Monday, January 10, 2011

Twitter - Greg Wood

Last week, Greg Wood, (@Greg_Wood_) a racing correspondent for the Guardian, UK, tweeted on Twitter that he had found an Apple iPod Nano in a street. He started the #letsfindcordelia campaign, and many took up the task of retweeting it, as is evident from the screenshot above. Several exchanges followed between Greg Wood and a few devoted tweeters who questioned about the iPod, and provided details about certain Cordelias they knew. (Tweets #1, #2, #3) About 34 hours later, he happily tweeted that Cordelia and her iPod would soon be united (Tweet). All thanks to twitter. Greg Wood himself was fascinated by the reach and the speed with which word got around, and Cordelia was found (Tweet) which lead to a humourous response from a follower (Tweet) Think about it. A few years ago, in most cases, a lost iPod Nano had to be a forgotten iPod Nano. Today, that’s not the case. With a combination of Tweets, hashtags, Retweets and Direct Messages, Greg Wood has utilised all the facilities that Twitter has to unite this lady with her iPod again.

Perhaps, even more interesting and touching was Cory Booker’s (Mayor, New York) campaign to dig people out during the blizzard-y season. He actively contacted people, and personally saw to it that trapped citizens were aided. You can read more about this here and on Engadget. He too, used a variety of retweets, tweets, and mentions.

We, at The Indian Geek would like to take a look at each of these aspects and functions of Twitter, to empower you to reach out and do awesome things. All online. All through twitter. Maybe even through your mobile phones, while on the go. Read on.

1. Tweet

A tweet is a status post on Twitter. For anyone who has used Facebook, this is very simple to understand. But the power of a tweet is far more than a Facebook status update – cos any one of your followers can retweet your tweet, leading to all sorts of interesting possibilities.

Twitter - Status

Tweets can be made private, to ONLY the people that follow you. This means that you would need to be really careful of whom you allow to follow you.

2. Retweet

When you tweet someone else’s tweet, it becomes a retweet. There are two methods of doing this. The old way, is to send a tweet starting with “RT @theindiangeek ….” to retweet a tweet from The Indian Geek. The current way simply allows the tweet to show up in your followers’ timelines as an actual tweet from the original tweeter. Below is an example of one of our retweets, in the new style.

Twitter - RT

3. Hashtag

A hashtag is used to provide easy means to collate tweets related to a specific topic/subject/event. When tweeting about the World Cup, the IPL auction, the recently concluded CES or even something as simple as #uksnow, which talks about snow in the UK – hashtags help to collate all tweets related to that event/topic.

#FF is a very popular hashtag which indicates Follow Friday. This hashtag is used by people on twitter to recommend people to follow, to their followers.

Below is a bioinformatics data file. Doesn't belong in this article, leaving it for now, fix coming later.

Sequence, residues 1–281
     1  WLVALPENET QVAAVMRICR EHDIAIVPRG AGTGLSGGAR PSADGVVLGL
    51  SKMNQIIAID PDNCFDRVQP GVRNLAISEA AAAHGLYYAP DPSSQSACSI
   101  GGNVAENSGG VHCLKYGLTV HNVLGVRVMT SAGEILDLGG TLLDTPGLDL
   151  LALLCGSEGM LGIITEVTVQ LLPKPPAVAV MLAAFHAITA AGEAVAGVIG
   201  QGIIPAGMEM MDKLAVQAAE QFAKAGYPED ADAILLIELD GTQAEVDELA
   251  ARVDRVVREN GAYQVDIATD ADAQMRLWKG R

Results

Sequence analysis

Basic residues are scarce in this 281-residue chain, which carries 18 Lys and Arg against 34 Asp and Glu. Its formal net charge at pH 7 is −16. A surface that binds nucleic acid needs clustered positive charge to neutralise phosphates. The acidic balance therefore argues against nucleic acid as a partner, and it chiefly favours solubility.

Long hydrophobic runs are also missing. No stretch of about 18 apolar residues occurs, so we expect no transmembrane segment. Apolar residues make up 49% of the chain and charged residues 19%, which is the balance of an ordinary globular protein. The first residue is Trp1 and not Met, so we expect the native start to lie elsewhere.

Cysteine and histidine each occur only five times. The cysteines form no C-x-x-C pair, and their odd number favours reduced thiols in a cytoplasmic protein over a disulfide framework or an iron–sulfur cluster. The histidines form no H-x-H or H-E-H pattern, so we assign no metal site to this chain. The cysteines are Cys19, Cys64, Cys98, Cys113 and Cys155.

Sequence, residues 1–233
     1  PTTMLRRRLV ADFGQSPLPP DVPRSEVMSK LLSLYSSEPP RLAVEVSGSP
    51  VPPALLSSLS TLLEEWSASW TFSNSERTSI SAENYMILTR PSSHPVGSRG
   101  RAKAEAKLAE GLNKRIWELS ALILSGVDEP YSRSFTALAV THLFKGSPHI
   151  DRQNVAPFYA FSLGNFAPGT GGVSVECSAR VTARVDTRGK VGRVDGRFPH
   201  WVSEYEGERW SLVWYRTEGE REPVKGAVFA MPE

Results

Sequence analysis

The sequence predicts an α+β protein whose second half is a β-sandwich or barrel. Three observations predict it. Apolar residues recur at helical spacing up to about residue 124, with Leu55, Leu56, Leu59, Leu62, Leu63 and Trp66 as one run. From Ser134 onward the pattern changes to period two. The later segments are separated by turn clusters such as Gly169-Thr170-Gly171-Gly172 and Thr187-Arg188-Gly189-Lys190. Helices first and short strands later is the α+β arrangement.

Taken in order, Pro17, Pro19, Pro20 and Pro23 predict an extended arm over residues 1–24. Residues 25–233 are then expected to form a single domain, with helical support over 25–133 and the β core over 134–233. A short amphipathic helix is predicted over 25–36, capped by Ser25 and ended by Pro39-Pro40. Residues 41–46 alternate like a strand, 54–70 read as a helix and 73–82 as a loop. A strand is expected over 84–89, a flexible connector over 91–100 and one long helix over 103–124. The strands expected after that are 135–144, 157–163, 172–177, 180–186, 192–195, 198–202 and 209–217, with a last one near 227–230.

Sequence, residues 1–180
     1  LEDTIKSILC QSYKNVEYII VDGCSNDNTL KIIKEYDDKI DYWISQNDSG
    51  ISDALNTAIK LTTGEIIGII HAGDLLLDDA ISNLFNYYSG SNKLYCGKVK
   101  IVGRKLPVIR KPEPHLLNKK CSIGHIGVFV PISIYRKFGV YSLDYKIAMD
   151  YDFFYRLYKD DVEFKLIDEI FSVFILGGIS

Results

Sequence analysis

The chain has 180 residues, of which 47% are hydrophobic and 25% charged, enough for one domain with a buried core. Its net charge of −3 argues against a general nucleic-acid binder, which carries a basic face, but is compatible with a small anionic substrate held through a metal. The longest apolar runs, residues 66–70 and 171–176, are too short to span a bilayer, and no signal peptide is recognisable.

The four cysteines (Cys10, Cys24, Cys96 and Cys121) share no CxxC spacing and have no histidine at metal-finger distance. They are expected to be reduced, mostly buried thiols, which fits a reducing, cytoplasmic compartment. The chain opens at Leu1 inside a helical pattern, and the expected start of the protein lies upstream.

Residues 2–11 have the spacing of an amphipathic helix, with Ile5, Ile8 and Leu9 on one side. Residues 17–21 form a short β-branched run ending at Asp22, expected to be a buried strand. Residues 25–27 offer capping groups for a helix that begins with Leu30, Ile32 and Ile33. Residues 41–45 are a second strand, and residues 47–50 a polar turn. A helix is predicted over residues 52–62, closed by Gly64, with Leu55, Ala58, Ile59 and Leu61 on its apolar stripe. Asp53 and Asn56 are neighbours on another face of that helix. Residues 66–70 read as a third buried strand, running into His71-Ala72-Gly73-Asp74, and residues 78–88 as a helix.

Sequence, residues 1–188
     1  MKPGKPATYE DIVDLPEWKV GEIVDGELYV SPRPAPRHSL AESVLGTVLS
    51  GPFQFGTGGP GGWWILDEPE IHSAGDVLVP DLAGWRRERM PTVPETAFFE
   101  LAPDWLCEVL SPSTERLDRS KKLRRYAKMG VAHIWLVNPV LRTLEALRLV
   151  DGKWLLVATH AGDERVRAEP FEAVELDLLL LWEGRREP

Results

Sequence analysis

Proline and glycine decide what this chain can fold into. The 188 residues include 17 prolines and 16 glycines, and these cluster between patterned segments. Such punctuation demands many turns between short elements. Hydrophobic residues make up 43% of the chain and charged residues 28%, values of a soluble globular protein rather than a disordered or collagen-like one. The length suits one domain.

Twitter - hashtag & mention

4. Mention

When you link to someone’s twitter account, such as @TheIndianGeek, in your tweet, then you are mentioning that person in your tweet. This is used to call that person’s attention to something you’re saying. It’s similar to saying “Hey there!” to someone when you’re walking down the street.

5. Direct Message

A personal, and private message which cannot be seen by the world, but as twitter cautions – can be copy-pasted and retweeted. Direct Messages can only be sent to users who are following you.

6. Follow

When you subscribe to someone’s Twitter account (such as @theindiangeek) you start following them. People who follow you on Twitter are your followers. We advise that you exercise a bit of caution when following people/accounts, since there are many “bots” out there which exist to put out spam. Try to look at a person/account’s twitter timeline – with all their past tweets. That will let you know what kind of messages are posted by that account, and if you would really want to follow them – or have them follow you.

You can configure twitter to require approval for people to follow you. This can be used in conjunction with “Protected” tweets, to ensure that every tweet of yours doesn’t go out into the public online world. However, please keep in mind that every tweet of yours can be copy-pasted and retweeted, so the whole world could come to know.

 

We hope this small primer on Twitter was helpful in demystifying the whole concept behind it. Let us know in comments if you have more thoughts/queries regarding the same.

2 comments:

Greg Wood said...

Thanks for the mention, interesting piece. Only thing I'd say is that it was a major advantage that the name on the iPod was unusual. Had it been something much more common, I very much doubt that Twittering could have had the same effect.
All the best, Greg.

The Indian Geek said...

Thanks, Greg!

Yes, we didn't realise that at the time of writing the article... Still.. The fact remains that #letsfindcordelia was a pretty quick, yet awesome campaign. And it's all possible because of Twitter, and the various people using it. Like you...

:)

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